When the people were reeling under unanswerable questions of sufferings and fate, under the oppression of caste and superstitions, and under the unbearable yoke of Vedas, there set out a man determined to find reasonable solutions. His search culminated in his sitting under the Bothi tree in deep meditation. He got enlightened and set out to free the suffering humanity from its entanglements. It was the Buddha who enlightened the world with Buddhism!

Siddhartha Gautama Buddha who became the Buddha

The rise of Buddhism was facilitated by the conditions of Hindu society on the eve of Buddha’s birth. When Siddharta Gautama, who later came to be called the Buddha, was born in a royal family 2600 years ago, Hinduism had already lost its former glory since many kinds of abuses and superstitions had crept into it.

The Brahmanas had a monopoly in the field of religion and they behaved as unscrupulous human beings. They encouraged superstitions and oppressed people in the name of caste and religion. As Siddharta grew up, he was perturbed at the sufferings of human beings. Neither the Vedas nor the learned Brahmins could find solutions for his questions. As the Buddhists refer, The Four Great Sights affected him so profoundly that one fine evening he decided to leave the worldly life renouncing his kingdom, young wife and little son, richness and pleasures of royalty and all the worldly things. He wandered in search of the answer until he got enlightenment under the Bodhi tree. From that time onwards he came to be called Buddha the Enlightened He began his teaching of Dharma.

Buddhism is More a Way of Living than a Religion

Buddha never meant to start a new religion when he preached Buddhism. He only wanted to show humanity a way to escape from suffering. His teaching was a method for the elimination of suffering. It is a philosophy of practical life. It is a way of living for every human being, irrespective of religion, to solve the problems of life.

By following the path of Dharma, anyone can attain happiness on this earth itself. His noble eightfold path is nothing but the righteous way of living. It is more a practical living that provides a greater and wider outlook about the nature of life than a metaphysical doctrinal manifestation.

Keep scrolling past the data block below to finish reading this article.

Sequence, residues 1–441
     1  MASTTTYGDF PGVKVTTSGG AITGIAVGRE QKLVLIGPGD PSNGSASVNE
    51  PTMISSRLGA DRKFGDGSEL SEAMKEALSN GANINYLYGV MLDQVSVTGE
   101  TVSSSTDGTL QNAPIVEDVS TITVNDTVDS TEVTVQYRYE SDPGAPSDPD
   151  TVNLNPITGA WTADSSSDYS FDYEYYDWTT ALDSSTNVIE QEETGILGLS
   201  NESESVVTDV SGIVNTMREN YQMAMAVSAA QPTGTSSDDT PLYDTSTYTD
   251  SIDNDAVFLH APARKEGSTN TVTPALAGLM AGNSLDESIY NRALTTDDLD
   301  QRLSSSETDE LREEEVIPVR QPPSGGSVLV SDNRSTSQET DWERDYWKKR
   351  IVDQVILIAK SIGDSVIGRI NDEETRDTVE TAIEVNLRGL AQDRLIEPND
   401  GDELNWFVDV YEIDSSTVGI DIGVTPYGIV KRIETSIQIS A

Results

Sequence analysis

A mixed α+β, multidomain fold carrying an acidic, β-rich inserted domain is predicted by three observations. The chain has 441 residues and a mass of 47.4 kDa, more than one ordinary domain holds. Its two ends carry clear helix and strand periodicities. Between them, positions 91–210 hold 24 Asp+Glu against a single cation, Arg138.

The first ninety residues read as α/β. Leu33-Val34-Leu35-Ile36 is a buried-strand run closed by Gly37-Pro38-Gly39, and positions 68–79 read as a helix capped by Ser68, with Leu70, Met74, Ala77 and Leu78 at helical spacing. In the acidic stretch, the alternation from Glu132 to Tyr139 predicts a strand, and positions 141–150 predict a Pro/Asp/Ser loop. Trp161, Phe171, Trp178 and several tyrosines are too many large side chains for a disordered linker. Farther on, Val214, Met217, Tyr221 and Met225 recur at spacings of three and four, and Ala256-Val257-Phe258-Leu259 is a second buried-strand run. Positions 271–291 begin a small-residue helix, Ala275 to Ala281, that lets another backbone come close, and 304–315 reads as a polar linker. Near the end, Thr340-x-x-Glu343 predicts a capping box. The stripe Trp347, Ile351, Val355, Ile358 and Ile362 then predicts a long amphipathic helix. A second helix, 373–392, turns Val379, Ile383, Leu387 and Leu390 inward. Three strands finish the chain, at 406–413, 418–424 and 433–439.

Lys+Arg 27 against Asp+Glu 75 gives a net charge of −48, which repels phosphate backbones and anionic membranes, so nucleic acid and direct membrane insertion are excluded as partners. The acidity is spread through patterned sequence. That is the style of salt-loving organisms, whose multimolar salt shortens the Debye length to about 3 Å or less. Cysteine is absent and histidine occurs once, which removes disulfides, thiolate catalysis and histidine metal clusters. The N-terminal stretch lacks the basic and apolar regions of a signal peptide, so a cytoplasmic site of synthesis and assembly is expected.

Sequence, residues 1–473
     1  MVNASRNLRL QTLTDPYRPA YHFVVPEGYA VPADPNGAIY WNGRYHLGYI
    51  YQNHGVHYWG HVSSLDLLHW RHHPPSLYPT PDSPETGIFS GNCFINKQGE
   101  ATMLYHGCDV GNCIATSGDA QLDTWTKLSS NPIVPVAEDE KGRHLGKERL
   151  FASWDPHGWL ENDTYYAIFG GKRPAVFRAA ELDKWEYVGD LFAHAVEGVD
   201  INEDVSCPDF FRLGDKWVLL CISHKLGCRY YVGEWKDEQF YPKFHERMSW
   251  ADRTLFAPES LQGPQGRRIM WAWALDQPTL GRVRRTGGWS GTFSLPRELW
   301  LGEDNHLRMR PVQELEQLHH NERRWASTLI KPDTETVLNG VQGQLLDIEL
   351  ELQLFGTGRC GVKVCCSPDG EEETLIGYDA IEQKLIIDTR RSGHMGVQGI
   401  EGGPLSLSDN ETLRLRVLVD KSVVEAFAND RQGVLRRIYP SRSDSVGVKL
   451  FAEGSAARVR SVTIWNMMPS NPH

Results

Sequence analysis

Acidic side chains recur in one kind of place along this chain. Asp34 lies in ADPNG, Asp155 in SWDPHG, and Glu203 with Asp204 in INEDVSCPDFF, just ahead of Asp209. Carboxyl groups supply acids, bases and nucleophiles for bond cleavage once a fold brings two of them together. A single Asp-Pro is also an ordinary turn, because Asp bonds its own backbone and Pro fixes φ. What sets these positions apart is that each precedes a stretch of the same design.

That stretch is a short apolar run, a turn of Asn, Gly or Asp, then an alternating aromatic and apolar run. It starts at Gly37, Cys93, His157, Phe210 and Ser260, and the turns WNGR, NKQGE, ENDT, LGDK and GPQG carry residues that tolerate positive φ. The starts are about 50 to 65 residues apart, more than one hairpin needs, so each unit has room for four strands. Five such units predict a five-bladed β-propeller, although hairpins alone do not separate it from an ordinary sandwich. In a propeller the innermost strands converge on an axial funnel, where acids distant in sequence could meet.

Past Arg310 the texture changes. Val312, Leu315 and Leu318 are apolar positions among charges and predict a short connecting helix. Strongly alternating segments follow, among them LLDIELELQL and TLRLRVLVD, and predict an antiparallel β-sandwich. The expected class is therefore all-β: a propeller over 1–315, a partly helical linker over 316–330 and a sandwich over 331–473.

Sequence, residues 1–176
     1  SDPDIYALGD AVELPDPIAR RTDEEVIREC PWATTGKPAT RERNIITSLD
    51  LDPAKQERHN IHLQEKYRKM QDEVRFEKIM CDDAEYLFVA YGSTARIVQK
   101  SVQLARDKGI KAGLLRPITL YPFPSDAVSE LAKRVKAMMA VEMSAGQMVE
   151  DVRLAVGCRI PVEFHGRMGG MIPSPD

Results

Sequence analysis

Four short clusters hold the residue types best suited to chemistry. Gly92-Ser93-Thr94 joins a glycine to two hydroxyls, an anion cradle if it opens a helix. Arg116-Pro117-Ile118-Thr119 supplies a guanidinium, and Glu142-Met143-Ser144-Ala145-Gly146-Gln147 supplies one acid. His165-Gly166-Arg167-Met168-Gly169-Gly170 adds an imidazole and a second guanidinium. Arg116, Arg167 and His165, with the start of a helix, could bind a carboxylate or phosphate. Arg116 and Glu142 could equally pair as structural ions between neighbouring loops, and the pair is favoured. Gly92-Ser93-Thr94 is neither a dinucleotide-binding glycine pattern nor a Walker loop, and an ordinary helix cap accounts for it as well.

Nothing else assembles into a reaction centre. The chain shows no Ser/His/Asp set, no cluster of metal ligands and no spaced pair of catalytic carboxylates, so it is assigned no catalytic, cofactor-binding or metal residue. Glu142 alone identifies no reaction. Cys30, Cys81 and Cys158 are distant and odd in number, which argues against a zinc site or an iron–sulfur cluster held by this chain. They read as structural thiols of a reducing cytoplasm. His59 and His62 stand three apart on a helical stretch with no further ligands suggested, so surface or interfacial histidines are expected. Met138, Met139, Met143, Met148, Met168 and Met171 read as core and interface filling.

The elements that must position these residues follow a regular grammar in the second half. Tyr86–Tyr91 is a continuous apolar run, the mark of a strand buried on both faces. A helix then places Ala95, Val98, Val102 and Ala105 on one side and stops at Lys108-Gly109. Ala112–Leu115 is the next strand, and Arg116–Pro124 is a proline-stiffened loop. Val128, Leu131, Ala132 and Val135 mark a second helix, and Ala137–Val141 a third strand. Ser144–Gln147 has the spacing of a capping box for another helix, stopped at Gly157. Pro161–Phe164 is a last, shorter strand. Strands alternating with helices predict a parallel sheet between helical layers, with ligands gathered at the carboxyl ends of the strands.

The Core Teaching of Buddhism

Buddhism teaches that every action has its consequences and change in life is inevitable. Buddhism believed that worldly suffering is caused by attachment, ignorance, and hatred.

The core of Buddha’s teaching was that life was full of suffering which could be removed only by the removal of desires. Meditation has an important place in Buddhism since it taught the method of changing oneself in order to achieve the qualities of awareness, kindness, and wisdom to adapt to righteous living.

The Four Noble Truths and the Eightfold Path

1) The Noble Truth of Suffering stating that suffering is inevitable in life. All here is transient, sorrowful and full of pain.

2) The Noble Truth of the Cause of Suffering which meant that desire is the cause of all evils and hence it must be removed.

3) The Noble Truth of the Cessation of Suffering taught that sorrow can be ended only by the limitation of desires.

4) The Noble Truth of the Path that Leads to the Cessation of Suffering (The Noble Eightfold Path). This taught the eightfold path to attain bliss and end desires. The Eightfold path contained the right views, right intention, right speech, right action, right living, right effort, right mindfulness, and right concentration.

Buddha’s Ethical Concept

Buddha’s concept of religion was purely ethical. He did not give importance to worship and rituals. He emphasized only the right to conduct. He believed if the conduct is right everything will be right and humanity can find bliss eventually. Buddha viewed that saintliness and contentment were4 to be found not in the knowledge of the universe and God but in selfless and virtuous labor and living.

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